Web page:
Despite its occasional parodic and (more often) melodramatic elements, Fortunata stays true to its contemporary Roman roots in the sense that the vibe of the place and zest of the characters is what propels the plot forward. A film about human relationships on a number of levels, it is ultimately about the still unbroken bond between mother and daughter. In smatteringly fast Italian (at least to foreign ears) Fortunata - who precariously gets by as a hairdresser and harbours a dream of, sooner rather than later, opening her own beauty parlour - converses with individuals primarily ranging from her 8 year-old daughter Barbara (Nicole Centanni), to her close soulmate and intended future business partner: bi-polar and apparently drug-infused Chicano (Alessandro Borghi), her insidiously obnoxious and abusive husband Franco (skilfully played by Edoardo Pesce) who she has separated from but not yet divorced, and his almost diametrical opposite: a psychologist who after initially making therapeutic headway with Barbara (a girl in need of listening and being listened to and who learns about “la forza interiore”) ends up jeopardising the sensitive patient-doctor relationship and thereby his own professional integrity and reputation when his calm erupts into passion as he falls for Fortunata herself and initiates a steamy relationship with her. At first sight bringing back memories of the grand cinema of the past, worth noting, as well, is impressively prolific renowned actress Hanna Schygulla who first made a name for herself under director Rainer Werner Fassbinder and the New German Cinema but who in Fortunata stars in the less impressive role as Lotte - an elderly woman who tenaciously clings on to her past career as an actress by obsessively reciting lines from Antigone5 (Ingmar Bergman once had a similar idea but in Persona, 1966, his no longer performing lead actress played by Liv Ullman instead shuts down, shuns the limelight, and refuses to talk).

While the plot of Fortunata is apparently simplistic and easy to follow, the action unravels effortlessly, each scene engages, and Jasmine Trinca is a refreshing whirlwind of an actress who shines and captivates with her sheer presence on screen.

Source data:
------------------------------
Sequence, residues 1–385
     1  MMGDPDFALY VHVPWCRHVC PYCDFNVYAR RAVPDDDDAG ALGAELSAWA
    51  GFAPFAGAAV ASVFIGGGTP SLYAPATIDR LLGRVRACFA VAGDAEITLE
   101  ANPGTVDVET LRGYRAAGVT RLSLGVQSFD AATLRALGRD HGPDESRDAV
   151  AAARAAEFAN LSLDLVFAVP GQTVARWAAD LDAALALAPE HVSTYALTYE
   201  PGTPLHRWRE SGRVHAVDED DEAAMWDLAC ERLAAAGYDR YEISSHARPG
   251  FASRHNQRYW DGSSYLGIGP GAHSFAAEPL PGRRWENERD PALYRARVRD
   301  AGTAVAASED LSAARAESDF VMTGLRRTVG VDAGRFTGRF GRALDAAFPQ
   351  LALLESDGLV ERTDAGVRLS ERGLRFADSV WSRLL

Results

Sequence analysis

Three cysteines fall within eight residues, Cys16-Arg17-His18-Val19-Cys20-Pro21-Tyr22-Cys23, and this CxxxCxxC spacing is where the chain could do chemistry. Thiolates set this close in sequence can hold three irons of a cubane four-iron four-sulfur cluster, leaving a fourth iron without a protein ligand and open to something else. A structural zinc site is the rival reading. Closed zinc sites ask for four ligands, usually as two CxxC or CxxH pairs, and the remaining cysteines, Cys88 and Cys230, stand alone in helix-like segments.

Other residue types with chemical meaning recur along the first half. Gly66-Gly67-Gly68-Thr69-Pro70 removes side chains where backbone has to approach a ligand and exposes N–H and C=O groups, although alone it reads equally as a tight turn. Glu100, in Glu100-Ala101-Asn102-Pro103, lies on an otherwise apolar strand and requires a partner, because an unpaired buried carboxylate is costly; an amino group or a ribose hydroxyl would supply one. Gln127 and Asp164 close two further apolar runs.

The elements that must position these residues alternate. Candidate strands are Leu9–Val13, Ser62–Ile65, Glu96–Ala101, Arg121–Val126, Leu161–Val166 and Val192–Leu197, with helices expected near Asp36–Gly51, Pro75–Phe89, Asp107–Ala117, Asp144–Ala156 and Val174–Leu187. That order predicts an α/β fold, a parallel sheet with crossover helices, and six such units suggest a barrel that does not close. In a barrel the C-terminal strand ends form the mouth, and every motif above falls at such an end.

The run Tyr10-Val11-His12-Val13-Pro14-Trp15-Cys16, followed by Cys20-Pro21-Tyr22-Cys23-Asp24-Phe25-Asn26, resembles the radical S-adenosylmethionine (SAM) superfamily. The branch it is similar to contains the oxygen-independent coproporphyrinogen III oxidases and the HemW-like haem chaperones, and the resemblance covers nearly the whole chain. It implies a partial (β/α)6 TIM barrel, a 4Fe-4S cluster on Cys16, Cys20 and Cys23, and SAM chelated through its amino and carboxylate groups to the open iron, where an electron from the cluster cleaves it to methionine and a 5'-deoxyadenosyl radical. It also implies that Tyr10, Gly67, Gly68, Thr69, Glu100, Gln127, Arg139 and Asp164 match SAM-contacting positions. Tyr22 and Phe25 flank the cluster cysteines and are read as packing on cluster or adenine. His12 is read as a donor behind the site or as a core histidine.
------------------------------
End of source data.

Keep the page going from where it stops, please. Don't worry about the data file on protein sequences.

Fortunata (2017)
Director: Sergio Castellito
Screenwriter: Margaret Mazzantini
Cast: Jasmine Trinca, Stefano Accorsi, Alessandro Borghi, Edoardo Pesce, Nicole Centanni, Hanna Schygulla Cinematography: Gian Filippo Corticelli

[1] Dalton, S. (2017). ‘Fortunata’: Film review Cannes 2017. Retrieved from http://www.hollywoodreporter.com/review/fortunata-review-1008304

[2] Weissberg, J. (2017). Film Review: ‘Fortunata’. Retrieved from http://variety.com/2017/film/reviews/fortunata-review-1202446971/

[3] Bond, T. (2017). Fortunata - Cannes 2017 Review. Retrieved from https://oneroomwithaview.com/2017/05/21/fortunata-cannes-2017-review/

[4] L’acquedotto Alessandrino sullo sfondo del parco Sangalli, i murale di street art, la piazzetta della Chiesa di San Felice. E’ Roma est la grande protagonista della nuova pellicola di Sergio Castellito.” Fortunata a Tor Pignattara: il nuovo film di Castellito all’ombra del Parco Sangalli (2017, May). Retrieved from http://pigneto.romatoday.it/torpignattara/fortunata-torpignattara-film.html

[5] In Stephen Dalton’s words. “Schygulla is wasted in a thankless semi-cameo role that gives her barely a handful of incoherent lines.” ‘Fortunata’: Film review Cannes 2017. Retrieved from http://www.hollywoodreporter.com/review/fortunata-review-1008304

Jytte Holmqvist

Jytte Holmqvist is a movie enthusiast with a doctorate in Screen and Media Culture from the University of Melbourne and a keen interest in contemporary Spanish and Italian culture. She has established a publishing record and presented at conferences nationally and abroad. Her interest in Italian film began in earnest at the University of Auckland when in the paper Italy on Screen she explored films by Fellini, Rossellini, De Sica, the Taviani brothers, and Pasolini - to mention but a few. With that grew a love for Italian cinema and the fascinating world that it opens up to the viewer.